Consequently, the resistive load is changed substantially, linearly and proportionally with the displacement of the control or adjusting knob, since the permanent magnets are adjacently arranged to form a substantially continuous circular arrangement. This will allow the user to easily select, vary and control the resistive load.
The features of the present invention that are believed to be novel are set forth with particularity in the appended claims. The invention, together with the objects and advantages thereof, may best be understood by reference to the following description of the preferred embodiments, together with the accompanying drawings, in which:
FIGS. 1 through 7 illustrate an embodiment of the present invention, wherein:
FIG. 1 is a perspective view of a loading apparatus in accordance with the preferred embodiment of the present invention;
FIG. 2 is a side elevational view of a bicycle supported by an exercise device using the resistance loading apparatus of FIG. 1;
FIG. 3 is a partly cross-sectional view of the resistance loading apparatus of FIG. 1;
FIG. 4 is a partly cross-sectional view of the resistance loading apparatus taken along line A--A, and showing of the FIG. 3, arrangement of several permanent magnets for using part of the resistance loading apparatus;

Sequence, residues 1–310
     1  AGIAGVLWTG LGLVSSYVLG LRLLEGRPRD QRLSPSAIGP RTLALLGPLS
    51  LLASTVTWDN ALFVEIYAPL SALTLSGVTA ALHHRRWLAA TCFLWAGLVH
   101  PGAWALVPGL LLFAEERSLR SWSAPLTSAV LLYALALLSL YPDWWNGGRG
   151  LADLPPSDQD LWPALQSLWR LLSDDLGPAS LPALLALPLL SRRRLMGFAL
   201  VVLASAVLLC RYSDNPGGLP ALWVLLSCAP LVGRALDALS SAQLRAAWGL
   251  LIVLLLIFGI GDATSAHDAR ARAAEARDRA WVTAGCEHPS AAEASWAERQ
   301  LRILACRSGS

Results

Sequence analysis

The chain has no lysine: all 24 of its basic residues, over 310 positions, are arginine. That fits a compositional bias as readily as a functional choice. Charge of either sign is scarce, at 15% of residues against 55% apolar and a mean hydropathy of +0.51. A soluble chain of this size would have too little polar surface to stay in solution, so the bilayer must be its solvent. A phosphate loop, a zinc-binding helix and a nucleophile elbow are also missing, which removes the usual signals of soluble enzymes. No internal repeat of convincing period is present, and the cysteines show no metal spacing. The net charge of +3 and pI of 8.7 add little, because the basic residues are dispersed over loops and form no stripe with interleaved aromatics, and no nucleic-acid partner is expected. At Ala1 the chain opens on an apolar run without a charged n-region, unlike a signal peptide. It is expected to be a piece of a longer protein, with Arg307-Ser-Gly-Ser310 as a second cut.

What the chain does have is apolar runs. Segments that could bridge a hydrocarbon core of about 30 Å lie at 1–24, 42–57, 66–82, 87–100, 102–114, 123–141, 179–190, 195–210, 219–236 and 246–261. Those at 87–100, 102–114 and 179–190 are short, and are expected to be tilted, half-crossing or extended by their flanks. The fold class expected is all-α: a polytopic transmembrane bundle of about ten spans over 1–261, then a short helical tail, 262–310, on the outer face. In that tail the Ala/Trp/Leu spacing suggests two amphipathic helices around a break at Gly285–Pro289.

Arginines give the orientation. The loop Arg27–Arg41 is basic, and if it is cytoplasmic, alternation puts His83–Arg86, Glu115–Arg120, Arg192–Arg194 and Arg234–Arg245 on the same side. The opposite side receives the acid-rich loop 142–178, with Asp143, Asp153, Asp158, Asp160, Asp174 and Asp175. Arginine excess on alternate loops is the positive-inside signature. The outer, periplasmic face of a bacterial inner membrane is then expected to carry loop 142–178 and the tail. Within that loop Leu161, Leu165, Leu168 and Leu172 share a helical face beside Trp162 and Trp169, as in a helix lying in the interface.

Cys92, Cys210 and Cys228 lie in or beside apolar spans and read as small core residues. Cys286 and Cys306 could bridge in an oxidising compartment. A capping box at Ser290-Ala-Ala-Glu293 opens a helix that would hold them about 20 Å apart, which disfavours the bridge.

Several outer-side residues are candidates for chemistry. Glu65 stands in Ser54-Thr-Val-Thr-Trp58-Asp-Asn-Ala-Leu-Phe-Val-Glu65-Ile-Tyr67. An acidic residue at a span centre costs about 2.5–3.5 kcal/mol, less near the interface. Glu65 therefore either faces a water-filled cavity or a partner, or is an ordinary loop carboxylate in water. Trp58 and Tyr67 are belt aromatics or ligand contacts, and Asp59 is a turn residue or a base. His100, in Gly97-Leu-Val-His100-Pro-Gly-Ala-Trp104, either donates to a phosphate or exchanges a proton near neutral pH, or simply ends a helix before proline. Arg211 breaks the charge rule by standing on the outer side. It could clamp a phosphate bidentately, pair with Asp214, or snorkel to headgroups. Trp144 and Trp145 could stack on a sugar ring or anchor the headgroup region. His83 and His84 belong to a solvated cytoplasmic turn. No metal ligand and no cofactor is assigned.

FIG. 5 is a front view of the resistance loading apparatus of FIGS. 3 and 4, showing a control knob;
FIG. 6(a) is a schematic illustration of the magnetic flux on a rotary disk forming part of the resistance loading apparatus of FIGS. 3 through 5, with a low or "L" setting;
FIG. 6(b) is a schematic illustration of the magnetic flux on the rotary disk of FIG. 6(a), with a medium setting;
FIG. 6(c) is a schematic illustration of the magnetic flux on the rotary disk of FIGS. 6(a) and 6(b), with a high or "H" setting;
FIG. 7 is a graph showing the relationship between the angular displacement of the control knob and the resistive load on the foot pedals;
FIG. 8 is a cross-sectional view showing the permanent magnet arrangement in a conventional resistance loading apparatus; and
FIG. 9 is a graph showing the relationship between the angular displacement of the control knob used in the apparatus of FIG. 8, and the resistive load exerted on the pedals.